IHC says today’s ERO report on Education for Disabled Learners in Schools report provides strong evidence that the education system fails disabled students and identifies what changes are needed for improvement.
ERO partnered with the Office for Disability Issues and the Human Rights Commission to carry out the evaluation of learning experiences of disabled students.
IHC’s Inclusive Education Consultant Trish Grant says that this partnership and the inclusion of the views of disabled students and their whānau means the report is sharply focussed on how all layers of the education system need to change.
“It provides an unprecedented opportunity for the Ministry of Education to better support disabled students to thrive by resolving the identified systems problems in a focused and coordinated way.
“The timing of ERO’s report will enable government to plan and fund improvements in the next budget round. IHC is keen to work with the Ministry on that plan.”
ERO’s report confirms the problems identified in IHC’s legal action against the Crown about the disadvantage and discrimination experienced by disabled students:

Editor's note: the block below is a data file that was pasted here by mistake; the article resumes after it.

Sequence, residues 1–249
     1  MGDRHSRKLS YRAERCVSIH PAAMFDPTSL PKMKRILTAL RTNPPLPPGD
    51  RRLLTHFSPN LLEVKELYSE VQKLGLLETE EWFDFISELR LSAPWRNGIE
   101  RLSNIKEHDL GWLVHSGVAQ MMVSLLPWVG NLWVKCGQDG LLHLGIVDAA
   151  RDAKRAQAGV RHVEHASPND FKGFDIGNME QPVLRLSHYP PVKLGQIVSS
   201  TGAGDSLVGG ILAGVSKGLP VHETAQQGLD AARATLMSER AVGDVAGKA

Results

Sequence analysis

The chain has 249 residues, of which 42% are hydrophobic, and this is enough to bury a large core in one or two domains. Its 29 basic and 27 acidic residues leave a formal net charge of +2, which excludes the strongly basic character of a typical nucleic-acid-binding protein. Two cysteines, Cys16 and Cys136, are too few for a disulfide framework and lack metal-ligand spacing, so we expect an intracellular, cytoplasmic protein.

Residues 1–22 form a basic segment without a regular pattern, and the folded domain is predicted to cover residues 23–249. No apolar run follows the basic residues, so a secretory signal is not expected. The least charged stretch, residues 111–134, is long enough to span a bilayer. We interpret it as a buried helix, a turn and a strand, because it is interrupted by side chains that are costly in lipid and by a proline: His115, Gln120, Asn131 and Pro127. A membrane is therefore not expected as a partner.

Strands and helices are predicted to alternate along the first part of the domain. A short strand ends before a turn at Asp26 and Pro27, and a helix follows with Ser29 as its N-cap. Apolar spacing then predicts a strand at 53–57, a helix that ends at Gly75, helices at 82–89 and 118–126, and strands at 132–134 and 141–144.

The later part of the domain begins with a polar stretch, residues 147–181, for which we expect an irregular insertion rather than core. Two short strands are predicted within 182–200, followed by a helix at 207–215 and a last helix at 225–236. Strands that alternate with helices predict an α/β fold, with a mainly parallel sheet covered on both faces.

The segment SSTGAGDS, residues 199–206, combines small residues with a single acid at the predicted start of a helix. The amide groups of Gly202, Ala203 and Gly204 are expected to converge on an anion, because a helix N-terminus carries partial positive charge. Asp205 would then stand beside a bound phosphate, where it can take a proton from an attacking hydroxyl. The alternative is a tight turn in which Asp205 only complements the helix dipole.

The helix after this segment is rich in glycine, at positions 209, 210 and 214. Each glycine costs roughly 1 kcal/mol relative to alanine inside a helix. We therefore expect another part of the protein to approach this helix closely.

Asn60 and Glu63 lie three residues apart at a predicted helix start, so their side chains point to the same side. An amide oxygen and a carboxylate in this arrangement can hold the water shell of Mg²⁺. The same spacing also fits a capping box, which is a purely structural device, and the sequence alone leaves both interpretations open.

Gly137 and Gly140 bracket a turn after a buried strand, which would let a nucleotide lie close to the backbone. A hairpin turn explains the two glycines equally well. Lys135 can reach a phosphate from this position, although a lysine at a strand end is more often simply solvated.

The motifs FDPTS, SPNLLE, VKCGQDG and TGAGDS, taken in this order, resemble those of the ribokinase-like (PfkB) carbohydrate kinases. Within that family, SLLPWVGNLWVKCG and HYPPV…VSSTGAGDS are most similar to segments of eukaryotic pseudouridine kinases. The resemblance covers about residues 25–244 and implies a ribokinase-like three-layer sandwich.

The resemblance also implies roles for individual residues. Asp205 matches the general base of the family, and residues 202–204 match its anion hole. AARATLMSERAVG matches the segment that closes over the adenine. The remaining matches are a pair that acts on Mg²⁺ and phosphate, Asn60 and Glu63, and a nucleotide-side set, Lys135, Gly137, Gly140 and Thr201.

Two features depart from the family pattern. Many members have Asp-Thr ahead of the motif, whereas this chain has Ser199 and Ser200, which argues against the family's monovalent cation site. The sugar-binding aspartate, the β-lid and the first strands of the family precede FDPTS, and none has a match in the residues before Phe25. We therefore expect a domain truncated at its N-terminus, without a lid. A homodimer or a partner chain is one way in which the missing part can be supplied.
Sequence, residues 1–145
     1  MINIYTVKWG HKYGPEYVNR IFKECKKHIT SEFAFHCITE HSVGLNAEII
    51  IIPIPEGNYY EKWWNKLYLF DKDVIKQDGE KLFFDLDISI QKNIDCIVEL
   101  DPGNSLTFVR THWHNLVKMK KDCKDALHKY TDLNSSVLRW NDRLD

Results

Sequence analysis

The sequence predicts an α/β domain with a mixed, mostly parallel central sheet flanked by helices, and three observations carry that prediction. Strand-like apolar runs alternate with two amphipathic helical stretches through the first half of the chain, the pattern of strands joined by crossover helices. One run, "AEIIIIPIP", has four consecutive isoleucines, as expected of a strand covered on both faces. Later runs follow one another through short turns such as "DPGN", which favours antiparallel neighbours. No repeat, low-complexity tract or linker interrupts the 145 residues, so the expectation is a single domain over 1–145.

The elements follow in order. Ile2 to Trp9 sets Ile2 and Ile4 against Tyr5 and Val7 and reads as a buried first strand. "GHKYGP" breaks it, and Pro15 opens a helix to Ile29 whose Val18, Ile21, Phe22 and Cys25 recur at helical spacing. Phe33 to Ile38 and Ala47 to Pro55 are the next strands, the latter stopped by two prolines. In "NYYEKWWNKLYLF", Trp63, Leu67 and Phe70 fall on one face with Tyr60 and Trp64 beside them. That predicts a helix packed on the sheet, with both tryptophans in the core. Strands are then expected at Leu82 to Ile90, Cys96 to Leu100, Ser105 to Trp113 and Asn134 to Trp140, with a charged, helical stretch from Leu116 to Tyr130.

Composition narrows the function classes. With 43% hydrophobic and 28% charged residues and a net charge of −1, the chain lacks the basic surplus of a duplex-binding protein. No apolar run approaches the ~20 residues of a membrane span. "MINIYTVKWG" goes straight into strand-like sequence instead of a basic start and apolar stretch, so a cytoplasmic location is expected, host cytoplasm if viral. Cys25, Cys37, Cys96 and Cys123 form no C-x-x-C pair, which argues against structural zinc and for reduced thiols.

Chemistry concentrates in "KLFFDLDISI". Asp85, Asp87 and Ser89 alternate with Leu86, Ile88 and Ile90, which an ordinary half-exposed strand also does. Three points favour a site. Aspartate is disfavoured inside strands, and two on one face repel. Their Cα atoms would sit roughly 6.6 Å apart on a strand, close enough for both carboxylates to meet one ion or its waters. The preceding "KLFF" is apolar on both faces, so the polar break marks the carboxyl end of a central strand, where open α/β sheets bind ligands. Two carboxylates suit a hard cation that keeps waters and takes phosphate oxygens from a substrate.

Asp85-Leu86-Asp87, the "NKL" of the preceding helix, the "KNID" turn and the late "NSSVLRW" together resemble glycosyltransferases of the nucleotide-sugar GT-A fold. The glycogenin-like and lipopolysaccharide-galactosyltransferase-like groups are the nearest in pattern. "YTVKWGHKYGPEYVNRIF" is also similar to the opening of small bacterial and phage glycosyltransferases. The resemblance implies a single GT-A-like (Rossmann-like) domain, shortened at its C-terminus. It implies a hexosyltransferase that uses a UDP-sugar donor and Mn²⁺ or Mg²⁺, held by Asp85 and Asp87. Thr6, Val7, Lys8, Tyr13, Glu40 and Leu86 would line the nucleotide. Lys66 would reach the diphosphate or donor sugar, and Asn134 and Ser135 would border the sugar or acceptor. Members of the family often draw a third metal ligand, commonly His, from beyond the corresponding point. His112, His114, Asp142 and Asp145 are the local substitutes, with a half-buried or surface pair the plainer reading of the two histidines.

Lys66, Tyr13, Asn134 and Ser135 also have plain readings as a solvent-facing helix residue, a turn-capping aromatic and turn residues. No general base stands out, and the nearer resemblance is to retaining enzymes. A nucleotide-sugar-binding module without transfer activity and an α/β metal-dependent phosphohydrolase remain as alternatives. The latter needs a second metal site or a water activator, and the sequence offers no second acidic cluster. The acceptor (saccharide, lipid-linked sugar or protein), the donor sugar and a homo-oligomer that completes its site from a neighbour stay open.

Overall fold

- disabled students are discouraged from enrolling at some schools, they are sent home from school because of a lack of resources, they are stood down and often have to move schools
- many teachers lack the confidence and capacity to teach disabled students due to problems in initial teacher education and support for beginner teachers, and school leaders and boards lack understanding of their legal obligations and national policy objectives for disabled students
- disabled students’ learning is not monitored at school or national level and disabled students have poor learning outcomes
- whānau are not involved in planning and are unaware of their rights to raise complaints about a lack of action by schools or the Ministry of Education.